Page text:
Papal summer residence, shunned by Francis, opened to public

CASTEL GANDOLFO, Italy (Reuters) - It may come as a surprise to most people, but about 40 children were born in the bedroom of the pope at the pontifical summer residence south of Rome.

Now that bedroom, which became a makeshift delivery room when the residence housed refugees during World War Two, and the rest of the papal apartments have been opened to the public as part of a museum.

The frugal Pope Francis decided not to used the villa - similar to but smaller than some of Europe’s royal residences, judging it too luxurious and grandiose.

Locals hope the apartments, the final part of the estate to be open to the public over the past two years, will boost the tourist-based economy of this lakeside town, hurt by Francis’ decision to stay at work in the Vatican and take no vacations.

And, while they understand Francis’ motives, they are praying the next pope will reverse the decision.

“We fear it will be a tombstone for us if future popes follow his example,” Castel Gandolfo mayor Milvia Monachesi told Reuters at the opening on Friday.

“The fact that the palace is now a museum will make a reversal in the future difficult,” she said.

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At 55 hectares, the residence, which includes several buildings, elaborate Renaissance-style gardens, a forest and a working dairy farm, is larger than Vatican City.


The Vatican has owned the estate since 1596. The first pope to use it as a summer residence was Urban VIII in the 17th century. About half of some 30 popes since have used it to escape the heat of the Roman summer.

When the papal court moved here for months at a time, tourists followed, particularly on Sundays when the pope gave his blessing from the residence. Benedict XVI, who resigned in 2013, was the last to use it.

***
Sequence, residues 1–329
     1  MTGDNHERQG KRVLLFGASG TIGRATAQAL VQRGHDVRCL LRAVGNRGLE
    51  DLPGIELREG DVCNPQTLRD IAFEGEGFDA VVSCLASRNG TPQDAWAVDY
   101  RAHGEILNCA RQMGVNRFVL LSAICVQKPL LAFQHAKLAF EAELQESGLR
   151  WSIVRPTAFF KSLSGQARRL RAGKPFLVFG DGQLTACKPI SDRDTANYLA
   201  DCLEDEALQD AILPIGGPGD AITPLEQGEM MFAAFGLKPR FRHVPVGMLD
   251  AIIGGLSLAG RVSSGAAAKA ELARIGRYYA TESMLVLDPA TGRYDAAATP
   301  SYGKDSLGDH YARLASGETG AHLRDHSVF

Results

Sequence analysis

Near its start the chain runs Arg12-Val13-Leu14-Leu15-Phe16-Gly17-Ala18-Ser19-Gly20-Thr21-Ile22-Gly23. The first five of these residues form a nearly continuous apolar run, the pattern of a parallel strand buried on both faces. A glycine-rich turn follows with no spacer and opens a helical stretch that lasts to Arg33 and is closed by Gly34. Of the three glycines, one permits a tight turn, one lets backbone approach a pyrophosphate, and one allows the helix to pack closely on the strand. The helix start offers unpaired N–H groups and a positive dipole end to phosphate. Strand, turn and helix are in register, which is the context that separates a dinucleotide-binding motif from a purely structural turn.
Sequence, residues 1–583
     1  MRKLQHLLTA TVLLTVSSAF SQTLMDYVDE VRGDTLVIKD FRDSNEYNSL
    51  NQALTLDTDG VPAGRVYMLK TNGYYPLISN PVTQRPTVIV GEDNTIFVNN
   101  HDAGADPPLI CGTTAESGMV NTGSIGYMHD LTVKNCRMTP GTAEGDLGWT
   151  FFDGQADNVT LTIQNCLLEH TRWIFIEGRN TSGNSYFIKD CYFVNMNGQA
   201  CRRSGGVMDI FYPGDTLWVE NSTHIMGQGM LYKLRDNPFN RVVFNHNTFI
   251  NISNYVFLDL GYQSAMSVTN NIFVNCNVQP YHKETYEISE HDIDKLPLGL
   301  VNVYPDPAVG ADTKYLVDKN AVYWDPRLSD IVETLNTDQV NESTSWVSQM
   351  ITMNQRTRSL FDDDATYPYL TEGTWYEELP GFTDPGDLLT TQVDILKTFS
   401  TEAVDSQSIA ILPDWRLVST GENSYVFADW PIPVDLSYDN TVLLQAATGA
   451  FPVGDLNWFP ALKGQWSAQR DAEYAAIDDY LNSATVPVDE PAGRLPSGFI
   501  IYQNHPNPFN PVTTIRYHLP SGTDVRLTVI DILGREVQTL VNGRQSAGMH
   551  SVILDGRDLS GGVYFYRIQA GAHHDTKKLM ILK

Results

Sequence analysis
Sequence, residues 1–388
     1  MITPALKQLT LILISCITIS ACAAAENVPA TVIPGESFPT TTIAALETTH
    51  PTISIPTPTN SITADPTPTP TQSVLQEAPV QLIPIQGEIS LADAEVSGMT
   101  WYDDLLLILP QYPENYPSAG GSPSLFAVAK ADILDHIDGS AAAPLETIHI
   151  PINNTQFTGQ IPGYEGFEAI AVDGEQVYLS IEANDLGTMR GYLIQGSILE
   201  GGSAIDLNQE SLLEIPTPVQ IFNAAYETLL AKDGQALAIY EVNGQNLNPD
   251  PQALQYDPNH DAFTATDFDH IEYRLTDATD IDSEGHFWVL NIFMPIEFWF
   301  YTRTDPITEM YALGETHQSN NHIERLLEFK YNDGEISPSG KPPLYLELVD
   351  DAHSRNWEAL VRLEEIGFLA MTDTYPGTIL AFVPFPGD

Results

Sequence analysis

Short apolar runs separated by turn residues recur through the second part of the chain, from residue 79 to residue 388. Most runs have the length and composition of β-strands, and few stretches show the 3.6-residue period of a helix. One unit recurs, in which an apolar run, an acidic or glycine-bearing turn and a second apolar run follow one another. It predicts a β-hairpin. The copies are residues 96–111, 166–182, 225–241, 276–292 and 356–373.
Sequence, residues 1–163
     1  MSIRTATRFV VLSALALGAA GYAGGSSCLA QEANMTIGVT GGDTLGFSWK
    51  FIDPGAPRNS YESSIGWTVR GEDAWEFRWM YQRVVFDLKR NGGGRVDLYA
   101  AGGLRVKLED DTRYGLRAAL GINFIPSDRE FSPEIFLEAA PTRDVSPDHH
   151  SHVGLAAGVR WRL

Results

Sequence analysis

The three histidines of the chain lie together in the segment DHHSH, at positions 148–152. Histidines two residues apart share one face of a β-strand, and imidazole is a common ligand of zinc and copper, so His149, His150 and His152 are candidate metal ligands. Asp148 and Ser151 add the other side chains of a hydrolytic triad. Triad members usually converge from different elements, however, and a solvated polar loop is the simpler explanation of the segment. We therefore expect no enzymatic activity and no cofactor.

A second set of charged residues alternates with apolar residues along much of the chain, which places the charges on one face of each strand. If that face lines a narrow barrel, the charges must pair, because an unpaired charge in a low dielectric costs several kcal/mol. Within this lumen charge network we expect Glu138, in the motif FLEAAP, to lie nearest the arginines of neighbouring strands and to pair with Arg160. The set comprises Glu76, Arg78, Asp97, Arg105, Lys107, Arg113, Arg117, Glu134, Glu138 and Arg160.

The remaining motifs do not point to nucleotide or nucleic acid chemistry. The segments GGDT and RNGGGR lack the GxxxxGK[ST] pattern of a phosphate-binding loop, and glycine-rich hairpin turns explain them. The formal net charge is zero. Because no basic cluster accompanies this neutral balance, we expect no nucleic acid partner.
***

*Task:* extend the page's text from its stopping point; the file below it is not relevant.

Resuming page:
While the entire estate is now open, the main draw is the pope’s bedroom, one of the 20 marble-floored rooms in the private apartments overlooking Lake Albano, an extinct volcano.

The four-meter by seven-meter bedroom, with beige walls and light green curtains, has a single bed with a gold-plated head and foot and is adjacent to a private chapel.

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Pius XII did not use the residence during World War Two so he ordered it to be opened to area residents fleeing battles.

At least 12,000 people, including Jews, took refugee there in 1944 as the area was engulfed by fighting between the Allies and occupying Nazis.

Because it was the most private room, the pope’s bedroom became a delivery room for several months in 1944. Pius XI’s real name was Eugenio Pacelli and many of the some 40 children born there were named Eugenio or Eugenia by their parents.

Pius resumed spending summers there after the war and died in the same bedroom in 1958. Pope Paul VI also died in the room in 1978.

Seven large rooms house a papal portrait gallery and pontifical artefacts, such as intricately embroidered liturgical vestments, elaborate thrones going back hundreds of years, and several pair of papal slippers, including those worn by Pope Pius V, who died in 1572.

Reporting By Philip Pullella; editing by Ralph Boulton